A student sent me an e-mail asking for advice on how to write a letter to the editor. I found plenty of web resources that are designed to help volunteers write letters designed to get a particular message out — that is, Citizens for the Defense of Rutebegas offer specialized tips for how to write letters that raise awareness of the plight of rutebagas.
I wanted something more general. On rhetorica.net I found a good overview of the general form of a persuasive letter.
Letters to the editor should be thought of as bits of a sustained civic conversation. You are not going to change hearts and minds with a single letter. But you might have a chance with several, well-written letters offered over time. Write for the moment. Write for the one point you’re making today. Don’t write as if you expect to slam-dunk the issue for all time. Ain’t going to happen.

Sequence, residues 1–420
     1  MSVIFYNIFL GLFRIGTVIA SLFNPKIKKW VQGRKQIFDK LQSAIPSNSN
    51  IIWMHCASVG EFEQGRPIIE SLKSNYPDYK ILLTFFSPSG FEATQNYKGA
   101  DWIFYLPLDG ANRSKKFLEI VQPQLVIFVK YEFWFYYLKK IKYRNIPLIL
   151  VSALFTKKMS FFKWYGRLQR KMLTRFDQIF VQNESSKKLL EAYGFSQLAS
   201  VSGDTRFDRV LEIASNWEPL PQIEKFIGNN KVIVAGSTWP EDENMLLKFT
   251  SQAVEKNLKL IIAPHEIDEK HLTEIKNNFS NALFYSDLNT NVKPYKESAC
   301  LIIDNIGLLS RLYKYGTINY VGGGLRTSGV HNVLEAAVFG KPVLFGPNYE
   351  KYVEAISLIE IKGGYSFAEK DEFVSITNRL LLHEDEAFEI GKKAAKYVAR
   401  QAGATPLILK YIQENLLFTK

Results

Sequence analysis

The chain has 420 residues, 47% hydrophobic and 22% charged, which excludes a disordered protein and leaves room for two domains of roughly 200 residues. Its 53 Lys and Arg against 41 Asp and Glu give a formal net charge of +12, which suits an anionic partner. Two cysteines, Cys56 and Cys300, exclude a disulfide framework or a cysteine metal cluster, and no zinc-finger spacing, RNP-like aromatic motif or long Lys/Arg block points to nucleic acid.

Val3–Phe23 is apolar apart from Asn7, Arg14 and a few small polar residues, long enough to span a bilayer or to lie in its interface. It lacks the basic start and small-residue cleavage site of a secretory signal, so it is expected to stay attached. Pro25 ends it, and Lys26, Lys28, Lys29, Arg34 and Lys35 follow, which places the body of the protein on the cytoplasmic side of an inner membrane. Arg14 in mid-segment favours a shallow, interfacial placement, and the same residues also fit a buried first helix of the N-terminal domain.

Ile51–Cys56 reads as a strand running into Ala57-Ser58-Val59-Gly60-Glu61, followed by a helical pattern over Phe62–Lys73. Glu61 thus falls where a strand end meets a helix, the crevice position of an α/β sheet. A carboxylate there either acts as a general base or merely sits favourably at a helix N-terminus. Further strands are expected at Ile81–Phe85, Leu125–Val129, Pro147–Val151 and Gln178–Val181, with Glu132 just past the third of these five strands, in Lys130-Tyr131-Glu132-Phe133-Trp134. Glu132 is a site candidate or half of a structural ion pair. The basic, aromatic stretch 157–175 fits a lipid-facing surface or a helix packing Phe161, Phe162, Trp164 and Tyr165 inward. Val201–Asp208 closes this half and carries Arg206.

To conclude: You do not have a First Amendment right to be published in your local newspaper. You do, however, have the right to publish your own newspaper, or a blog, or you can stand on a soapbox and speechify to your heart’s content.